In the 1962 war with China, India did not see any naval participation and according to Raina was neither considered, a decision justified by a combination of India’s inexperience with aircraft carrier operations and the decision to limit escalation with the Dragon.

India did not even use its Airforce, a decision that is even critiqued today.

In the 1965 India-Pakistan war, the Indian Navy had an opportunity to display its prowess. The INS Vikrant was at the Bombay (now Mumbai) harbor, however, at that time it was undergoing refitting, and its air squadrons were placed under the operational command of the Air Force.

In the 1971 war to liberate Bangladesh, INS Vikrant was initially deemed unfit to sail, as it was plagued by problems in its boiler. It was eventually deployed in the Bay of Bengal even if it was unable to fly its aircraft.

The Indian Navy opted to deploy INS Vikrant in the Bay of Bengal, where there was no Pakistani naval threat and the lone Pakistani submarine that was hunting for Vikrant sank on the second day of the war.

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In comparison, the Bangladesh Liberation Army or the Mukti Bahini reportedly sank or paralyzed over 100,000 tonnes of shipping. Adverse wind conditions meant that the Vikrants fighters (the Seahawks) were available for only about half the time – instead, it had to rely fundamentally on its antisubmarine warfare aircraft.

During the 1999 Kargil war with Pakistan, Vikrant’s successor, INS Viraat, was once again at the dock undergoing refitting.

Lack of Investments?

As the Indo-Pacific becomes a significant geopolitical contest, investments, especially in India’s hard-power capabilities, remain below par, according to a study by the Centre for Strategic and International Studies.

In the Indian Ocean Region, New Delhi spends way too little on its navy, in comparison to other nations. According to figures from FY 2017-2018, only 15 percent of India’s total military expenditure was spent on the navy, which is far less than its QUAD counterparts.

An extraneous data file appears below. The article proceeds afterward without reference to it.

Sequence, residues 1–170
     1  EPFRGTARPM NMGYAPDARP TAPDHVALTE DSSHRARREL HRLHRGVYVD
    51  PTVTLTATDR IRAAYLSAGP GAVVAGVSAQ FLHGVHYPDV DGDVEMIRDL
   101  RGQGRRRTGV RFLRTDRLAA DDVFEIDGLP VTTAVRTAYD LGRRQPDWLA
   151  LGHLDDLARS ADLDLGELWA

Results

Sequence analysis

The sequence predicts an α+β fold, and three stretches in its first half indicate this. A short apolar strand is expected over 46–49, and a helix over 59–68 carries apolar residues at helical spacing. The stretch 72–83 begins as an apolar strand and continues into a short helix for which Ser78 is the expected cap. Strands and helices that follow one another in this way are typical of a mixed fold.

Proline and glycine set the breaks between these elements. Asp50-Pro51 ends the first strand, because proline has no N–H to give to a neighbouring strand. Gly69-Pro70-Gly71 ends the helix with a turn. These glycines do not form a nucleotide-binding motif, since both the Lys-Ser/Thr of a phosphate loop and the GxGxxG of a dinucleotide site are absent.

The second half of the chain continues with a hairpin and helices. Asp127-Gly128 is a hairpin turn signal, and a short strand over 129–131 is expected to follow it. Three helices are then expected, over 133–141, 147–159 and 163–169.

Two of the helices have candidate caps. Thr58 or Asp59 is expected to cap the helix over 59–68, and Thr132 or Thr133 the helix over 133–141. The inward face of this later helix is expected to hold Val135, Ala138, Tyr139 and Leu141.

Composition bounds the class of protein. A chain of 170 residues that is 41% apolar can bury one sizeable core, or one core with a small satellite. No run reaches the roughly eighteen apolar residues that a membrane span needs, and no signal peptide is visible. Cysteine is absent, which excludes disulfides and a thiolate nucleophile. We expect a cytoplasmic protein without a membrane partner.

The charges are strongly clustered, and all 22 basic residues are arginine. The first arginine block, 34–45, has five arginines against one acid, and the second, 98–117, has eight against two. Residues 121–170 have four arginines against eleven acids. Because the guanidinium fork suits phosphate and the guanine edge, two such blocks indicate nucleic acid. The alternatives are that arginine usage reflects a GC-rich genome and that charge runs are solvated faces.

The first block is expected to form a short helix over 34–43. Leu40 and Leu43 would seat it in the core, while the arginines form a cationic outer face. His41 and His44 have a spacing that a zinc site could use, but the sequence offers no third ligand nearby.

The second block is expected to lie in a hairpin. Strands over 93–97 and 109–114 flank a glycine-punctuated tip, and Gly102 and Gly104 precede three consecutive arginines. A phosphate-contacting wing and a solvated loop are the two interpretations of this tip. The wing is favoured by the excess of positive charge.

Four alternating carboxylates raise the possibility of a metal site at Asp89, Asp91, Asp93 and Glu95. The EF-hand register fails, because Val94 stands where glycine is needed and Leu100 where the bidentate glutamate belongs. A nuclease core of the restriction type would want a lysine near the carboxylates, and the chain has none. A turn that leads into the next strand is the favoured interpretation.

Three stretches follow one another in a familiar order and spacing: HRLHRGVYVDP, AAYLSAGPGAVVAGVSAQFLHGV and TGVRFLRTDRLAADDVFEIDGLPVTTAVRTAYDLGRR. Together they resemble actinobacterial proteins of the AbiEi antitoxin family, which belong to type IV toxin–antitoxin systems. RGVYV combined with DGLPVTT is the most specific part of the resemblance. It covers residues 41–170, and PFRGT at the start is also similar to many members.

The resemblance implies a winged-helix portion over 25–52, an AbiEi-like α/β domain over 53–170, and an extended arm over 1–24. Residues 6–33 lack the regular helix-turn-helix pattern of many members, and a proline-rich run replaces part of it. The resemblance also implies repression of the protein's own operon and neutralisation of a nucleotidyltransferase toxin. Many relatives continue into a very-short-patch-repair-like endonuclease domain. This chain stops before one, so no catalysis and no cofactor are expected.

INS-Vikramaditya
INS Vikramaditya. (via Twitter)

It is believed that China spends nearly “three times much as India on its military overall”. During the same fiscal year, the Indian Navy had requested $5.2 billion but was allocated only $2.9 billion, which may have had an adverse effect on new acquisitions or further modernizations.

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India’s first Indigenous Aircraft Carrier (IAC-1), INS Vikrant, in Kochi. This is the Indian Navy’s second carrier. (via Twitter)

‘India Has The Requisite Assets’

Indian Navy has the requisite assets, Admiral Shekhar Sinha (retd) told The EurAsian Times.

We look at our threat perceptions; we should be in a position to protect our sea lanes of communication particularly in the Indian Ocean Region and the wider world in the Indo-Pacific.

And whatever assets are required, those assets are either available or are in the pipeline. The Indian aircraft carrier Vikrant is being built and it should shortly be out for sea trials.”

When asked about India’s naval prowess compared to China’s, Admiral Sinha stated that the ambitions of the two countries are different.

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China is making aircraft carriers because it has got an ambition of replacing the United States of America as the world’s most powerful country, both economically and militarily.

India doesn’t have those ambitions; Indian ambition or the foreign policy ensures that the Indian ocean neighbors, littorals and in the wider Indo-Pacific, whenever they seek help, we should be able to give them military support.” 

Rajnath-Vikrant
Defense Minister Rajnath Singh recently visited INS Vikrant, in Kochi. (via Twitter)

China is five times our economy; China has a much larger navy, and therefore, we are not in any competition. Yes, we have assets and some more assets are in the pipeline which should deter China from taking any military action against India.

People do not take military action without any reason, and we have supremacy in the Indian Ocean region as of now,” Admiral Sinha, a leading military expert, asserted.

Speaking about the Chinese capability building, he noted, “Capability building is a very planned event and is time-consuming, but our capability processes are on.”

For China to sustain aircraft carrier operations in the Indian Ocean is not going to be very easy, because aircraft carrier aviation is not something like a computer game, that you buy, play, and learn.

It takes years to imbibe the techniques and skills to operate the aircraft carrier –– not only the aircraft but also an aircraft carrier in a fleet.

So China is someway away. But we should not rest our oars, we must keep watching this development from close quarters and then create the advanced technologies which can ensure that our maritime interests are not jeopardized.

— Co-authored by Anupama Ghosh